How to avoid strife when writing essays

It is a classic dilemma for any Japanese student of English: with a deadline fast approaching, how to go about writing an essay when the target language is not the student's native tongue? Many assume it is easier to write an essay in their native language and then to translate it into English. In fact, this may be much more difficult than writing an essay in English from the beginning. Writing an essay in the target language from scratch may seem daunting at first, but it may save time and heartache in the long run.

Differences in structure

Essay forms in English and in Japanese are not the same. Since the basic form of an essay in English (introduction-body-conclusion) is very different from the standard Japanese ki-sho-ten-ketsu (begin-inform-develop-conclude) format, a direct translation of an essay in Japanese will normally have to be rewritten in the introduction-body-conclusion format, which can easily cause many headaches.

Locating the voice

Many sentences in English are deductive in nature while sentences in Japanese are inductive. Think for a moment about how often the word 'because' is used in English -- sentences using 'because' involve deduction.

In many declarative sentences, the reader is given a reason or reasons that 'prove' the first part of the sentence. Take for example the sentence "I like the rainy season because it's nice to stay indoors and read when it's raining outside". A good translation at the sentence level must contain this sort of logical relationship between the words, and this can sometimes be complicated.

A related problem at the sentence level is the question of voice. While most sentences in English are written in the active voice (for example, "The student wrote the paper."), sentences in Japanese are often in the passive voice (compare with "The paper was written by the student.")

A word-for-word translation of a Japanese sentence in the passive voice will produce an English sentence in the passive voice. Normally, these sentences will have to be rewritten in the active voice in order to make the writing more direct.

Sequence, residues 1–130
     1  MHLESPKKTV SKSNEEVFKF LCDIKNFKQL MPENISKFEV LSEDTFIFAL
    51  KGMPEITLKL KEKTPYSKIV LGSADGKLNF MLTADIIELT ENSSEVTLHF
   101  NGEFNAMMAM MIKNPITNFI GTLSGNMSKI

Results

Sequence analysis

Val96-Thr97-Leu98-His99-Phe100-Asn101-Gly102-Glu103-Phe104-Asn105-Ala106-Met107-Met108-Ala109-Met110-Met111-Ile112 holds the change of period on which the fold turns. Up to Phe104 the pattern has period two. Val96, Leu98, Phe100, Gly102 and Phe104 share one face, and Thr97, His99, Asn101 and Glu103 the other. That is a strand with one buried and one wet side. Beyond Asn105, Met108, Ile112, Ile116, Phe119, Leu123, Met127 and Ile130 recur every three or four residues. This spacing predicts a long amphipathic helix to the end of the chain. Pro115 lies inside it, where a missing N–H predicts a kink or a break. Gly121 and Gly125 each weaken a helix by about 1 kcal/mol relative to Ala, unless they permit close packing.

Simple is beautiful

Although all of this may sound reasonable, many people still don't want to write in a second language for fear that their writing will sound too simple. By writing first in Japanese and then translating, they think that they will be able to express more complex ideas than they would be able to if they wrote in English. This is undoubtedly true. But simple expression is not necessarily a bad thing.

In fact, one of America's most famous novelists, Ernest Hemingway, turned writing simple declarative sentences into an art form (see Hemingway's "A Clean, Well-Lighted Place" or "The Old Man and the Sea"). Ask anyone if they would rather read a well-written, simple essay or a poorly-written complex one, and they will answer that they would prefer the well-written, simple essay. In writing, as with many other things, simple is often best.

The importance of flow

Perhaps the greatest problem with writing an essay first in Japanese and then translating it into English is that the writing will not flow. Someone writing in their native language is able to write in a certain rhythm because using the language comes naturally. Translation, on the other hand, interrupts the flow of prose. Expert translators in any language are those who can reproduce flow in the target language.

Of course, Japanese students might argue that writing so their English "flows" is impossible, but that is not the case. Since much of English comes in "chunks" of language called collocations, English students have already come across flow many times.

Think for a moment of the expressions "in the beginning" (three words) or "at the end" (three words). These are called prepositional phrases and usually come in groups of two or three words. Other examples of collocations include verb phrases like 'make breakfast' and 'cook dinner', and idiomatic expressions like 'have my hands full' and 'once in a while'.

When writing in English using collocations, it is possible to compose a phrase at a time, allowing some of the words to come in a natural and effortless manner. When translating from Japanese to English, however, students must contend with essay form, the differences in syntax and the problem of flow. The result is often one long word-by-word struggle.

Those hardy souls who choose to write in Japanese and then translate into English should understand that although it may be faster to write in Japanese first, the translation and rewriting part of the process will take a lot longer than the writing part. There may be no easier alternative than writing something in English from the beginning.

“Writing essays.” The Japan Times 26 August 2005: 18.

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